Taxi firm Uber has appealed an employment tribunal ruling that it has to treat its drivers as workers and not as self-employed
As the appeal began on Wednesday of last week, some 300 people marched through central London.
The appeal came days after Transport for London (TfL) refused to renew Uber’s licence for operating in London.
One Uber driver, Syed, told Socialist Worker about the reality of life working for Uber.
“The average driver gets £12 to £14 an hour,” he said.
“But then you have to pay for your licence, your car payments, your insurance, about 20 different costs in total. I’m left with £5 an hour.”
On top of that, said Syed, “If a customer says to Uber, ‘The driver took a different route,’ Uber straight away takes 25 to 30 percent of the fare and refunds it to the passenger.
“I have a 4.71 out of five approval rating from customers.
“I’ve driven over 5,000 journeys in five years working for Uber. If I drop below 4.7 I stand a good chance of being deactivated.”
If TfL was interested in sorting out the industry, it should have addressed all these issues and more. It must take responsibility for what happens next.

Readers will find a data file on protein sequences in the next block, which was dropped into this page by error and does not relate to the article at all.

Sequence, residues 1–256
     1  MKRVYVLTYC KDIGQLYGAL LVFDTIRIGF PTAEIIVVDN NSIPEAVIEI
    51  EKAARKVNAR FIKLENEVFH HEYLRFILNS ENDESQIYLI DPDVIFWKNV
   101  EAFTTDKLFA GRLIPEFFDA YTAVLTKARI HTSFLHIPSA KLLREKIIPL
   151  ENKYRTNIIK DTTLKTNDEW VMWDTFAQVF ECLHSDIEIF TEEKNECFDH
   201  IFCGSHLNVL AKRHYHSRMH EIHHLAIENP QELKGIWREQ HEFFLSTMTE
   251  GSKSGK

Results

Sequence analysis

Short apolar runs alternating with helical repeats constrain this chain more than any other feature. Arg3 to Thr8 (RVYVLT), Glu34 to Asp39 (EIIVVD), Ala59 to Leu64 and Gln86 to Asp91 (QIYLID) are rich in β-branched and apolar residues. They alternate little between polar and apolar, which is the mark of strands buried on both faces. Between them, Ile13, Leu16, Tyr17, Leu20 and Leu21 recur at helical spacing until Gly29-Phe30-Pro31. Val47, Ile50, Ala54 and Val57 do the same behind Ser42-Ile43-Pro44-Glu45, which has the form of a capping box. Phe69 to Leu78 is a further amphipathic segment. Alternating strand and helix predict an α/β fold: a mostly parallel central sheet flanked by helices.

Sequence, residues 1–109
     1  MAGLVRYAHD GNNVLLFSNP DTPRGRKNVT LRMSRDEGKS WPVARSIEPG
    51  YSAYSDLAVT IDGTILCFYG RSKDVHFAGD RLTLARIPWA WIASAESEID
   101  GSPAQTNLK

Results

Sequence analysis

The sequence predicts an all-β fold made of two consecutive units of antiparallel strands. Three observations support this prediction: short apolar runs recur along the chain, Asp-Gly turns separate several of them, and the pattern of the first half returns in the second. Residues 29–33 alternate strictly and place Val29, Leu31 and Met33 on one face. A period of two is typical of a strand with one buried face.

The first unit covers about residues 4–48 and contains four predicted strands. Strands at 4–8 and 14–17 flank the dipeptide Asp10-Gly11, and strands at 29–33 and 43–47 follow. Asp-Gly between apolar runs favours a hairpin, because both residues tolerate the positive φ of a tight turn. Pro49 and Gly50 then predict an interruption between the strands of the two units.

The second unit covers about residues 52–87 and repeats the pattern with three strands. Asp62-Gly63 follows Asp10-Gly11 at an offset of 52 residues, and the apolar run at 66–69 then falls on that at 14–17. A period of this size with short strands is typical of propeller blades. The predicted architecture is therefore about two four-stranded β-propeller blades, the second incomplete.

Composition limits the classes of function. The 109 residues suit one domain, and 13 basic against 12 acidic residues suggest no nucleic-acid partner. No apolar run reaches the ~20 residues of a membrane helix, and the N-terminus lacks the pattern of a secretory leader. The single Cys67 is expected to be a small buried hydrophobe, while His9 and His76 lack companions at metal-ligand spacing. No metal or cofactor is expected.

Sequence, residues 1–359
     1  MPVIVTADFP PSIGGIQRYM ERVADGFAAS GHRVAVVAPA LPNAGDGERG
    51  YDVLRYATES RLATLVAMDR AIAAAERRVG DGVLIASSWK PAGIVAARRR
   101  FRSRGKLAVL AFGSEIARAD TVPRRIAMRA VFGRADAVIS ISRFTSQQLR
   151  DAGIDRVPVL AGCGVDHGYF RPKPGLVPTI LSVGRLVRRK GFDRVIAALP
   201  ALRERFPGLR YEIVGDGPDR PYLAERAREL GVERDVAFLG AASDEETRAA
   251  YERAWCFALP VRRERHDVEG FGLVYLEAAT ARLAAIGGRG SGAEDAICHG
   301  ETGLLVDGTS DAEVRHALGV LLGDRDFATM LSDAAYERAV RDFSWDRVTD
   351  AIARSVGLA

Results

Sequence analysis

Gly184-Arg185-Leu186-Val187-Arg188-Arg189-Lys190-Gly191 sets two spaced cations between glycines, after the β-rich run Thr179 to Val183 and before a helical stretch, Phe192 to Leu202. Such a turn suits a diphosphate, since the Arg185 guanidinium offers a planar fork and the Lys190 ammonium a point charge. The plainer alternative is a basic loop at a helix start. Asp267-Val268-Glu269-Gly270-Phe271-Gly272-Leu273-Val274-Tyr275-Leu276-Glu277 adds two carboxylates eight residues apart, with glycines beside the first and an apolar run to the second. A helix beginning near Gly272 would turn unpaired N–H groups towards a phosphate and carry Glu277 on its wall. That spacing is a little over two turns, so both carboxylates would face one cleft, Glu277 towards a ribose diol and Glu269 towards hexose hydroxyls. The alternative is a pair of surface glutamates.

Uber has a long history of refusing to be accountable.
In Quebec in Canada it has announced it will stop operating in the city after the government demanded it train drivers more. In California the firm refused to hand over evidence in a sexual harassment case when ordered to by a court.
In another case in California the company offered little help to a woman driver who was sexually assaulted in her car.
Yaseen Aslam, one of the drivers who brought the initial case to the employment tribunal, spoke to Socialist Worker.
“Whatever verdict the judge delivers is going to have a massive impact, not just on us but on thousands of workers,” he said.
The ruling could be delivered as far away as December. Uber relies on its money and powerful friends to smooth things over when it ruffles feathers in the cities it operates in.
For instance, Theresa May criticised TfL’s decision on Thursday of last week.
But there is trouble at the top of the firm.
Founder and former CEO Travis Kalanick declared two new board members out of the blue, going over the head of other board members.
That has deepened divisions at the top, which leaves the firm increasingly vulnerable to pressure from below.